normalized intensity values for sequence
across all spots from the repeats in group
Local User S2
Data S2
Main Features of DORA
• Integration of molecular and clinical information. Finding
Figure 2: Overview of Microarray (MA) Module Schema
Remote User
clinically relevant tumor profiles requires the analysis of genetic and
clinical information for large cohorts of patients. For every patient,
microarray, SNP, and metabonomic technologies can generate
massive amounts of data. DORA speeds up the analysis process by
seamlessly linking molecular data with relevant clinical data for every
patient. Integrated views of the patient data are analyzed statistically
and with machine learning techniques in order to discover molecular
profiles for clinical factors. It has been shown that gene expression
profiles can be reliable predictors of treatment response, relapse,
and disease free survival, and that certain combinations of SNPs
can indicate predisposition to cancer.
Wide Area Network
Data S1
Remote User
DORA Server S3
Local User S1
Data S3
• Data sharing and portability. DORA, database and software, can
be shared with or be easily replicated at other research centers.
Researchers can access a centralized DORA database remotely or
manage their own copy of DORA. For the latter scenario, data
sharing can be done via import/export software. Data sharing is
particularly important for studies on rare tumor groups (e.g., brain,
pancreas) because it allows researchers to accumulate a large
enough number of patients from across the province or the country.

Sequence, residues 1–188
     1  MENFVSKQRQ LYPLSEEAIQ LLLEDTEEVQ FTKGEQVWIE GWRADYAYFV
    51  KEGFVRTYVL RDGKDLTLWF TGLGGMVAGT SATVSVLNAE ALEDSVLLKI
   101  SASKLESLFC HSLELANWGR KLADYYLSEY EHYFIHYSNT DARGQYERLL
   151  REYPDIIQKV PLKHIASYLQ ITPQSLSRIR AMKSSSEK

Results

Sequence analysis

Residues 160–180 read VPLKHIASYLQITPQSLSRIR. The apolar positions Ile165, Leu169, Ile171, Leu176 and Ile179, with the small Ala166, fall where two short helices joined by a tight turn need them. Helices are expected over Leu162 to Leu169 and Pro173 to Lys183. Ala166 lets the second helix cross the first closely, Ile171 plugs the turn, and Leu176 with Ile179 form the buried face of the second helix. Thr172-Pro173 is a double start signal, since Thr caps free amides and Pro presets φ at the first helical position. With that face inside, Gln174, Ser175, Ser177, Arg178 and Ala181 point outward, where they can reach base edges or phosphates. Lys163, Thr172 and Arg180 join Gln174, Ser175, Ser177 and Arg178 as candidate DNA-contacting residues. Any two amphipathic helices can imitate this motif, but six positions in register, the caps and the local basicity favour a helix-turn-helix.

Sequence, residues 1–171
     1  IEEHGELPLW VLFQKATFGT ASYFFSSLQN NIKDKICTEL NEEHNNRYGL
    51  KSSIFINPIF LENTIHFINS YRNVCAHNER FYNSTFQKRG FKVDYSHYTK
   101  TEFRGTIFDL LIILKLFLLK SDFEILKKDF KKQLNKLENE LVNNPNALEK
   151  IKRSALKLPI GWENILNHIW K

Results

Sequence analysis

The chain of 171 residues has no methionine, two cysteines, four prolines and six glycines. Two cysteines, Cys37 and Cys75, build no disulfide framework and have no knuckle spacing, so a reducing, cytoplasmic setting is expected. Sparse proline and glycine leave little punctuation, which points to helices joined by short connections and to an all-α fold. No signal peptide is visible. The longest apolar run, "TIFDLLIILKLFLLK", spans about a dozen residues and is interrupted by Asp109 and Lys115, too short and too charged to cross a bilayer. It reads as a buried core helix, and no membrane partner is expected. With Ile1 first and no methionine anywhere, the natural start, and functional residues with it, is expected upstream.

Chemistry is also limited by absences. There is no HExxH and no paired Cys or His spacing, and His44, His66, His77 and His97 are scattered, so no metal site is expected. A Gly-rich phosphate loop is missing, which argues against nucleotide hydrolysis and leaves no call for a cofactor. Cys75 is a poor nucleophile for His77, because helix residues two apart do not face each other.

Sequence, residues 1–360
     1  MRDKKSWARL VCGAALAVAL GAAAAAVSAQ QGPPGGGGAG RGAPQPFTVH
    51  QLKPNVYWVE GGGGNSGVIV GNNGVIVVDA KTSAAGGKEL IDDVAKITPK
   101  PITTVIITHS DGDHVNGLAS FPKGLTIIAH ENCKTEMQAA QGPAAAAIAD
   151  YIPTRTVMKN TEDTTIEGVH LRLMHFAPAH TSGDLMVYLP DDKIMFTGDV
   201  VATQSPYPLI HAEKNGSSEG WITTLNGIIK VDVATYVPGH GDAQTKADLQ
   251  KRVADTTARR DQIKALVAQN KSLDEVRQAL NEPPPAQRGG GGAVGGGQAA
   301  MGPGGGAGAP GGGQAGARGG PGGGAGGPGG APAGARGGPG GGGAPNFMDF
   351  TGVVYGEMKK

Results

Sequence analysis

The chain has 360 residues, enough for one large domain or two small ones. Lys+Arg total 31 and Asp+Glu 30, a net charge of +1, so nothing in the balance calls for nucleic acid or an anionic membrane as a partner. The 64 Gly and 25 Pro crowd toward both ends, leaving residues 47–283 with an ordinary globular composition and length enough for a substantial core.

Researchers can exchange patient data, molecular and clinical, but
will still retain ownership of the data that they have generated.
• Scalability. DORA is designed so that new modules can be quickly
integrated with the existing ones. Currently, modules for microarray,
SNP, and metabonomic data and clinical sections for breast, lung,
gastric, and ovarian cancer are fully functional. A clinical section for
brain/CNS cancer is still in the design phase and it will be
implemented soon.
DORA Server S1
Figure 6: Distributed (Federated) Database Scenario
Figure 4: Lung Cancer Stage/Progression Form
• DORA is implemented as a MySQL database, and is
made available to users via an Apache web server. The
software that connects the web forms with the database is
written in Perl and runs on the DORA server.
• The server on which DORA resides, runs Red Hat Linux
and is protected by a firewall.
• All the software that is needed to run a DORA server, i.e.,
R.H. Linux, MySQL, and Perl, is freely available for noncommercial purposes.
Figure 3: Ovarian Cancer Pathology Form
• PolyomX has designed and implemented the software
specific to DORA and can make this software available to
ACB researchers.
Several DORA servers are available at different sites and the databases have
identical schemas. Users can connect to any of the servers, but will add new records
to their local database. Integrated views of the data from several servers can be
obtained via import/export tools for data exchange, or by running a query (same)
against each database. Cost of administration and development is shared among the
server hosts. With additional software, the schemas of the DORA databases do not
need to be identical.
The authors want to thank doctors Brent Zanke, Tony Reiman, Tim Winton, Bryan
Dicken, Michael Sawyer, Helen Steed, Katia Tonkin, and David Omahen for their help
in designing the clinical modules of DORA, and Jennifer Listgarten for her help in
designing the microarray module.